Tuesday, September 22, 2015

[Review] Everest

Everest is exactly what's advertised. A group of ambitious people set out to scale the cold, snowy, windy and unforgiving terrain of Mount Everest. The film is light on character, but it's a visual marvel of both beauty and peril.

Rob (Jason Clarke) leads the pack of mostly bearded men, others of which include Josh Brolin, John Hawkes, and Jake Gyllenhaal. Did the casting director have a thing for "J's"? Anyway, like many travel/adventure/survivor films, there is a lot of preparation and training that takes place before the departure, and there comes a point when you just want the group to get on that mountain (or tell them to reconsider). Thankfully, in the meantime there are some nice shots of the mountainside towns, as well as some breathtaking bridges that extend above stomach-knotting heights.

You don't need to be aware of the true story the film is based on to know that these peoples' fates are dreadful. Each time one of them calls their family members before they leave, you feel like saying "It's not too late to turn back, man!" Battles of masculinity, pride, and young vs. old fuel a little conflict between the dudes as they scale the mountain. But you can't help but think the smartest and best survivor would be the one that decides to turn back and go into safety.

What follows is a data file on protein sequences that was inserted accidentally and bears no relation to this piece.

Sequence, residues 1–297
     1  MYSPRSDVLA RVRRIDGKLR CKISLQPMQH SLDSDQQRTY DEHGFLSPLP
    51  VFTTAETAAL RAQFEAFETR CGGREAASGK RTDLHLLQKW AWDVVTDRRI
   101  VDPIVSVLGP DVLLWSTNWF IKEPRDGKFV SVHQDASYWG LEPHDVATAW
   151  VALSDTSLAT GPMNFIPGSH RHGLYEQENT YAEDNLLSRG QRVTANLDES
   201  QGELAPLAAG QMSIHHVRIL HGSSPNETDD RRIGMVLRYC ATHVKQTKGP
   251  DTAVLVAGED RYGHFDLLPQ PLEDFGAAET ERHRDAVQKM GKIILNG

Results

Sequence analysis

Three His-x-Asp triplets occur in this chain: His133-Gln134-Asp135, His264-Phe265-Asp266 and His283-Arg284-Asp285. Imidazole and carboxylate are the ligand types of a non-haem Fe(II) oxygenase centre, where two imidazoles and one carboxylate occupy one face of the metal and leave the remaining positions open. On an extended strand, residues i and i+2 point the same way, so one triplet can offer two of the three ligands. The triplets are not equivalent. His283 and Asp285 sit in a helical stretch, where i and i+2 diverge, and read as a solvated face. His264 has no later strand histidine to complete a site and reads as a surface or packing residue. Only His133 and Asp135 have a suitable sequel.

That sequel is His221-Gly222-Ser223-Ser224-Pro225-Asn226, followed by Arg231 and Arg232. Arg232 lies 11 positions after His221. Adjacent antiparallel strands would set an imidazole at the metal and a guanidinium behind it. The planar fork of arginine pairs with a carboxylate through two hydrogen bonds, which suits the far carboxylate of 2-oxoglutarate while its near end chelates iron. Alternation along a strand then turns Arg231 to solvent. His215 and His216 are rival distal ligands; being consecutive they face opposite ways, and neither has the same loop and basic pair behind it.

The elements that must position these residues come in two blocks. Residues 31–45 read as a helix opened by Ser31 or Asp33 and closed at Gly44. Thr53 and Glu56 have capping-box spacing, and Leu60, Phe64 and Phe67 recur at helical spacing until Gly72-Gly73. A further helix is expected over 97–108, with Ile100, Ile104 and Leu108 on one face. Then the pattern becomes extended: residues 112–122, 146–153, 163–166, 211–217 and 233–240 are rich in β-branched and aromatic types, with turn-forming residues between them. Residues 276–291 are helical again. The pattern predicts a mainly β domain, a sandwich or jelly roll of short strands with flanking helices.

As mentioned earlier, the characters are pretty shallow--with just basic backstories to their name (one of their wives is newly pregnant, so you know he's in trouble) and not much room to maneuver going forward. Jake Gyllenhaal has had some great lead turns lately, so it's disappointing that his role feels a bit wasted here as he sort of fades into the abyss, and others get lost in the shuffle.

With that said, since Everest is built on surface thrills, the character gripes don't come as a huge detriment. The film delivers some exhilarating scenery, especially toward the back half. And there's a particularly intense and eerie night storm sequence. You might get winded just watching it, but it'll also make you glad that you're in the comfort of a theater seat. Chances are, you won't even want to go near a mountain after this.


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